“I really just try to bring in the best music and the most interesting live performers that I can,” Oglesby says. “Garrett Thomson and I have talked a lot recently about why we love music and what exactly it is about music that inspires us and gives us joy. It’s made me think a lot about that one moment you get in a live show where you’re seeing something amazing, and it gives you chills and you feel alive. I’m constantly chasing that moment. If I see a YouTube clip that gives me even a hint of that feeling, I reach out and try to book that act.”
Agreda says the group running Modern Studio wants it to be a “community center” where people can learn “adult-ing” skills together, do classes and workshops on things like screen printing or video editing, as well become a state-of-the-art venue space with perfect sound and lighting, equipped for live shows as well as music video and other creative and commercial video shoots.
So far, Modern Studio’s clientele seem satisfied.
“I really enjoyed playing there,” said Shayla McDaniel of her EP release show last week. “The staff was very helpful and kind. The room sounds great, and feels welcoming.”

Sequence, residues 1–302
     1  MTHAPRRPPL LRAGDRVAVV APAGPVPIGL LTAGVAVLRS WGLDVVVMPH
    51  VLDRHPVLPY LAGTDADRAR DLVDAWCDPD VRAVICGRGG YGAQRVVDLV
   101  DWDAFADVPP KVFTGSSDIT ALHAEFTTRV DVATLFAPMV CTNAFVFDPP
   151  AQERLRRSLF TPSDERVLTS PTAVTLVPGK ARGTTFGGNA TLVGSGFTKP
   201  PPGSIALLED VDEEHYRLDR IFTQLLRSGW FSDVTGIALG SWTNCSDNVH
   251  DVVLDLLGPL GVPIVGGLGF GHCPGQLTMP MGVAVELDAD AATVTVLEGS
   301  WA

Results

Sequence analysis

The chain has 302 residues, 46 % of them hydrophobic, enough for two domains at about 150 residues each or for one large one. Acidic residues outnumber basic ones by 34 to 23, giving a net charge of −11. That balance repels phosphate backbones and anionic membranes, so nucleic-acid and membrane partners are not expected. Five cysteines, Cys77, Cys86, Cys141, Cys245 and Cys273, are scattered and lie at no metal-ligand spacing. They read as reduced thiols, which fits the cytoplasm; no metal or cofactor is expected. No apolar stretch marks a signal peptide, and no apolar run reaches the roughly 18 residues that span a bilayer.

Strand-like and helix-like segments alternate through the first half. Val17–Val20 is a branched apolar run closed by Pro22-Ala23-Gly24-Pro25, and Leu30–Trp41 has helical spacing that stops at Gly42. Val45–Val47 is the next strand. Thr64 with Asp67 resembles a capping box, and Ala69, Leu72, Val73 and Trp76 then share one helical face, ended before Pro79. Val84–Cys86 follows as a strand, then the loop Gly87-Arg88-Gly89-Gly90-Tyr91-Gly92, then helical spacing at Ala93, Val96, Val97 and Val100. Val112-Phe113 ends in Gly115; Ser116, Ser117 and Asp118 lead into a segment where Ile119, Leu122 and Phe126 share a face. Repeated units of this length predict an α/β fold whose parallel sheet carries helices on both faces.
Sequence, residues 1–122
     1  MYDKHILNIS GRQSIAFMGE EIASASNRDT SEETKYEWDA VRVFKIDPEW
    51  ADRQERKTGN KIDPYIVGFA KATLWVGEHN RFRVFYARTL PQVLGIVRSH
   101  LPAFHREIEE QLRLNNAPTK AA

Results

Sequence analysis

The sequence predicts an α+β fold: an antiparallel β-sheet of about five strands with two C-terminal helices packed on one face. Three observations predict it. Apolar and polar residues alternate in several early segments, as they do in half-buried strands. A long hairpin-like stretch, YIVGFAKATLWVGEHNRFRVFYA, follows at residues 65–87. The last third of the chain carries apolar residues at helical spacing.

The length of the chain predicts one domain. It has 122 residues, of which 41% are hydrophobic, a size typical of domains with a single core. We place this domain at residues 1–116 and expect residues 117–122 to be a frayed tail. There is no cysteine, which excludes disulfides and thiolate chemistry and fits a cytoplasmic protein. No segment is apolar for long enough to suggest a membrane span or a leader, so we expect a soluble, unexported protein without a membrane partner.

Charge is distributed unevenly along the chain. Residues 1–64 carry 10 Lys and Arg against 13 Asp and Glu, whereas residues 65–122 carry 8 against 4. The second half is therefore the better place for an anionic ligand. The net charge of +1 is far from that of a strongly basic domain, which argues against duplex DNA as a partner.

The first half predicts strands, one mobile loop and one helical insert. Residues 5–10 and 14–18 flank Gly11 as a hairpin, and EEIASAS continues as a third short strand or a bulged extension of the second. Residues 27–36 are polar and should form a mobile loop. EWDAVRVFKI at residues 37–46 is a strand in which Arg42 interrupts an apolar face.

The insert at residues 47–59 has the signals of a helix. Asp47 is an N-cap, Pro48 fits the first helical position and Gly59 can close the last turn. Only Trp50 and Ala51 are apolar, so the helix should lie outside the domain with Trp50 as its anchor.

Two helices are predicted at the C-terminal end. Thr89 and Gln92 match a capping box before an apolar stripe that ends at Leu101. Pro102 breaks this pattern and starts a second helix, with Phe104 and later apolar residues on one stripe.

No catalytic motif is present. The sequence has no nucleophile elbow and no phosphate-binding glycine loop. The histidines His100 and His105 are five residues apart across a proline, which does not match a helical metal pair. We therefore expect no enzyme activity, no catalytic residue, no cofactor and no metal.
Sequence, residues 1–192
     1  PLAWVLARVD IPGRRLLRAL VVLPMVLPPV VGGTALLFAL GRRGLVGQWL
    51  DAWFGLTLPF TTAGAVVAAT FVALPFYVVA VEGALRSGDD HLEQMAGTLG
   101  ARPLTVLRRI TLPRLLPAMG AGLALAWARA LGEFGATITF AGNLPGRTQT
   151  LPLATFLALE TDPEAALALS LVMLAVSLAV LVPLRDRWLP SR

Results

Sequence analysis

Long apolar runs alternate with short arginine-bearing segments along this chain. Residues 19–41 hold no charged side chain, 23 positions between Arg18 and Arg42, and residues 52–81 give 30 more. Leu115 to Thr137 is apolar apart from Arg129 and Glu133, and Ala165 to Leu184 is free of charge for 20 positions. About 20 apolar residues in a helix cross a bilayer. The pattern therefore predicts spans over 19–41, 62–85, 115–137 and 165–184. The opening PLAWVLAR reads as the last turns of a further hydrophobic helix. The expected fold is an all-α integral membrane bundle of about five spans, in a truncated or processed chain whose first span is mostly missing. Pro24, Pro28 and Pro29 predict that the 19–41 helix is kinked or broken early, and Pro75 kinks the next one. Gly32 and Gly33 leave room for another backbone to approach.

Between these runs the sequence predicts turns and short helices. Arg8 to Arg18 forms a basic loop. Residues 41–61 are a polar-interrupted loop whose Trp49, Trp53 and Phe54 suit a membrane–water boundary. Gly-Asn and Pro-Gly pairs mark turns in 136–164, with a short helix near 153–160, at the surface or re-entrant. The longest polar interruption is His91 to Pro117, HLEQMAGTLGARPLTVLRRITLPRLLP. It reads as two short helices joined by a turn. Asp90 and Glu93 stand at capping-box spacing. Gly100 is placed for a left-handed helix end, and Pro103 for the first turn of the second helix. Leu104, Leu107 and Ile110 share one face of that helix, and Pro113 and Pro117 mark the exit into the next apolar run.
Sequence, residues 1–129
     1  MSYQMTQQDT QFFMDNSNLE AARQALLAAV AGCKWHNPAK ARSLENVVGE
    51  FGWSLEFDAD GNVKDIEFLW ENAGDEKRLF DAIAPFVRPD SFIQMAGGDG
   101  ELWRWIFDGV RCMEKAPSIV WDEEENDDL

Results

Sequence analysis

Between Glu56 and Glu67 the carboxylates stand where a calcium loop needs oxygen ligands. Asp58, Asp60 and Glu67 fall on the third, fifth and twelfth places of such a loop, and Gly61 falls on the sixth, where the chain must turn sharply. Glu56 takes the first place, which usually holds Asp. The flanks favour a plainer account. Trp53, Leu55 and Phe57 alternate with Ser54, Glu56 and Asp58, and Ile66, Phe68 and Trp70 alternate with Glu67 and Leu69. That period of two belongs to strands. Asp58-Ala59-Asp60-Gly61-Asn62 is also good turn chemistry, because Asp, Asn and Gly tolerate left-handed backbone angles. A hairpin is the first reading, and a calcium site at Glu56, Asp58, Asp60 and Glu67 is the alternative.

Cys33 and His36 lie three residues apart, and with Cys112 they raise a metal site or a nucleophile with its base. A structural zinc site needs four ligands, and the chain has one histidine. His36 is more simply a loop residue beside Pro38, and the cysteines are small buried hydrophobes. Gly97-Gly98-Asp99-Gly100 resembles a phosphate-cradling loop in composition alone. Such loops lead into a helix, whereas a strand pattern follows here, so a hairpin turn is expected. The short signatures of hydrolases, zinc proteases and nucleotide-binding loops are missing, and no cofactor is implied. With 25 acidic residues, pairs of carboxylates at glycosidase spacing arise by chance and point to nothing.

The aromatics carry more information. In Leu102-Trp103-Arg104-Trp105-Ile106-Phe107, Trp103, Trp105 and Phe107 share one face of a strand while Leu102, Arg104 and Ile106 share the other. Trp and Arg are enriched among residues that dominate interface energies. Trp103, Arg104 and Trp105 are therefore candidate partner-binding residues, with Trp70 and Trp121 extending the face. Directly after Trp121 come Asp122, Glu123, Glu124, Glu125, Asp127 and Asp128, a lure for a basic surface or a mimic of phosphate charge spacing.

So what’s the long-term vision for the space?
“The vision for Modern Studio is to eventually be able to offer funding for local makers and musicians, artists and dreamers who have a vision but need help with the execution,” Brewer says. “I’d also like to see us expand our outreach and programming to serve the 37917 area, as it’s the poorest zip code in Knox County. I want kids in the area to know that they can take a chance on their dreams, and that someone’s out there who can help.”
Here’s some words about the venue from Brewer and Agreda themselves from their successful earlier Kickstarter campaign: